Instagram’s change to its Terms of Service (TOS) happens to be a very hot topic right now, and even though Instagram issued a statement regarding it’s changes and changing the legal mumbo-jumbo because it caused “confusion,” a lot folks everywhere are leery, wondering what to do, and considering Instagram alternatives.
While discussing this change on Facebook yesterday, there were a few recommendations made by my friend Kat, fellow blogger and owner of eDesign Pro web hosting, that I thought were worth delving into further. I think these are wonderful ideas to make using Instagram (or other programs) safer, regardless of their advertising plans, plus some good Instagram alternatives for you to consider:
- Reduce resolution – make your photo unusable to others. With better quality phones containing better quality cameras, this obviously yields better quality pictures, rivaling DSLR images. Instead of shooting straight from your installed camera’s app, perhaps try using different camera apps for taking pictures that use a lower resolution. Reducing the resolution of the photos you share on Instagram (and other photo-sharing apps) will safeguard your photos more, preventing others from being capable to use them in their current high resolution form. Cameraphone editing software like iPhoto, Snapseed (iOS and Android), and Adobe Photoshop Express (iOS and Android) can help you do this. (Also, see eZy Watermark lite in the next section, too.)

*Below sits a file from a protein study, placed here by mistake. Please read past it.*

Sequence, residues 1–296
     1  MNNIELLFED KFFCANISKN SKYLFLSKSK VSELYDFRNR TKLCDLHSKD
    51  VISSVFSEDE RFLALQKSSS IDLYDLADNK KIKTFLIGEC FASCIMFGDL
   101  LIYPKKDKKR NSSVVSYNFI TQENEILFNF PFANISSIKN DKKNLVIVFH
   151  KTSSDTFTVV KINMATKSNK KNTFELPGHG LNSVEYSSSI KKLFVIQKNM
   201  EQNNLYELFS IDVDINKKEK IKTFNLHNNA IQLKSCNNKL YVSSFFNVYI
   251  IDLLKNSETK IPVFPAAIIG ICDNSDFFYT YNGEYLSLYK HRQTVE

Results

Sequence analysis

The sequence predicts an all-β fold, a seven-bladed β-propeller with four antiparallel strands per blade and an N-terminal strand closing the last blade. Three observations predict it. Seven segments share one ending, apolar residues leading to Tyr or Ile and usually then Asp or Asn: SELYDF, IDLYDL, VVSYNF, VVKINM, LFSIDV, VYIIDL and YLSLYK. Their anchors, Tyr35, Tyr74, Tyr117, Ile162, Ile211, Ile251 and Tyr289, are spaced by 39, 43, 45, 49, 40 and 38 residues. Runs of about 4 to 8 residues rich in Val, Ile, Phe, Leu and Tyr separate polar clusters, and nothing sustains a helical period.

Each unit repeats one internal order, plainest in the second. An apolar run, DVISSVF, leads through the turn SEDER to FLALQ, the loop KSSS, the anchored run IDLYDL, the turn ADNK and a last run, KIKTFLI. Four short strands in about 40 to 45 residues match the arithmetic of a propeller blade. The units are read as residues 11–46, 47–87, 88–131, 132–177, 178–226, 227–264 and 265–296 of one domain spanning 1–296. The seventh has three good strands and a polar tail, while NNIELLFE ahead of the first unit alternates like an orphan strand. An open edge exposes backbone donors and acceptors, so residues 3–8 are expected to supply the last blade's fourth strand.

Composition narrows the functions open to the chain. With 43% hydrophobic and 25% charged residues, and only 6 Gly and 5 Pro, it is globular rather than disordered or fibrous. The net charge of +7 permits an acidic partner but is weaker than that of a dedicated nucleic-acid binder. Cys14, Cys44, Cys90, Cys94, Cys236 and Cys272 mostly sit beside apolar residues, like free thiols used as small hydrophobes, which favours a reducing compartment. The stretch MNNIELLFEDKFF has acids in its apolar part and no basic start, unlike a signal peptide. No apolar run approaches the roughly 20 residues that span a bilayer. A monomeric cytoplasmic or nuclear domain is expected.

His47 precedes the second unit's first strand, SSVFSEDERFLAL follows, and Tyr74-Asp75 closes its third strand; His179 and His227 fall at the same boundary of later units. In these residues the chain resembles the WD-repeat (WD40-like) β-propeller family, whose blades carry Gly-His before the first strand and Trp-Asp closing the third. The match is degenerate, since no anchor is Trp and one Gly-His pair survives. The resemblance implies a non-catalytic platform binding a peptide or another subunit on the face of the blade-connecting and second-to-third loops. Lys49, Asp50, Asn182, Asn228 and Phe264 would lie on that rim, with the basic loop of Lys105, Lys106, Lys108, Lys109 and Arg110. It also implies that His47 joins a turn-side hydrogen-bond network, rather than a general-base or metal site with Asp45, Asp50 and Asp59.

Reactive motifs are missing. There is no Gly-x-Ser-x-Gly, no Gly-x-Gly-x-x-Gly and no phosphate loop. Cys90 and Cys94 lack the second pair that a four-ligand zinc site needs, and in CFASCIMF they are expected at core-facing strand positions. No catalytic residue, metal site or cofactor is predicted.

- Watermark your photos. Others can’t use your photographs if you have a big ‘ol honkin’ watermark smack dab in the middle of it, fancy software and high resolution or no. There are a few watermark apps available, like eZy Watermark lite, which not only watermarks but also can reduce resolution, too (killing two birds with one stone). There’s also iWatermark Free, A+ Signature Lite & PhotoMarkr for iPhone on iTunes, and Add Watermark, Phone Secure Watermark, Watermark Copyright, and Add Watermark for Google Play for Android devices.
- Move to another app – If you’re not convinced that watermarking and using low resolution will help you on Instagram, and that you don’t trust what they’re saying, you can always download your photos and delete your Instagram account. There are other photo-sharing communities out there you might want to start using. For instance, Twitter has upgraded their app to include editing features and filters. Flickr has also come out with an app with more filter options than Twitter, as well as many full photo editing tools. The updated Flickr app is also a lot easier to navigate and search than the previous versions. There’s also the popular Hipstamatic on iOS, too. The Next Web offers 8 Great Instagram Alternatives, including PicPlz, PicYou, and Lightbox.
What do you think about this change in Terms of Service, and what Instagram is saying – do you believe them? Or will this make you leave Instagram? Will you stay and watermark or use photo-editing software first? Or does this not affect you?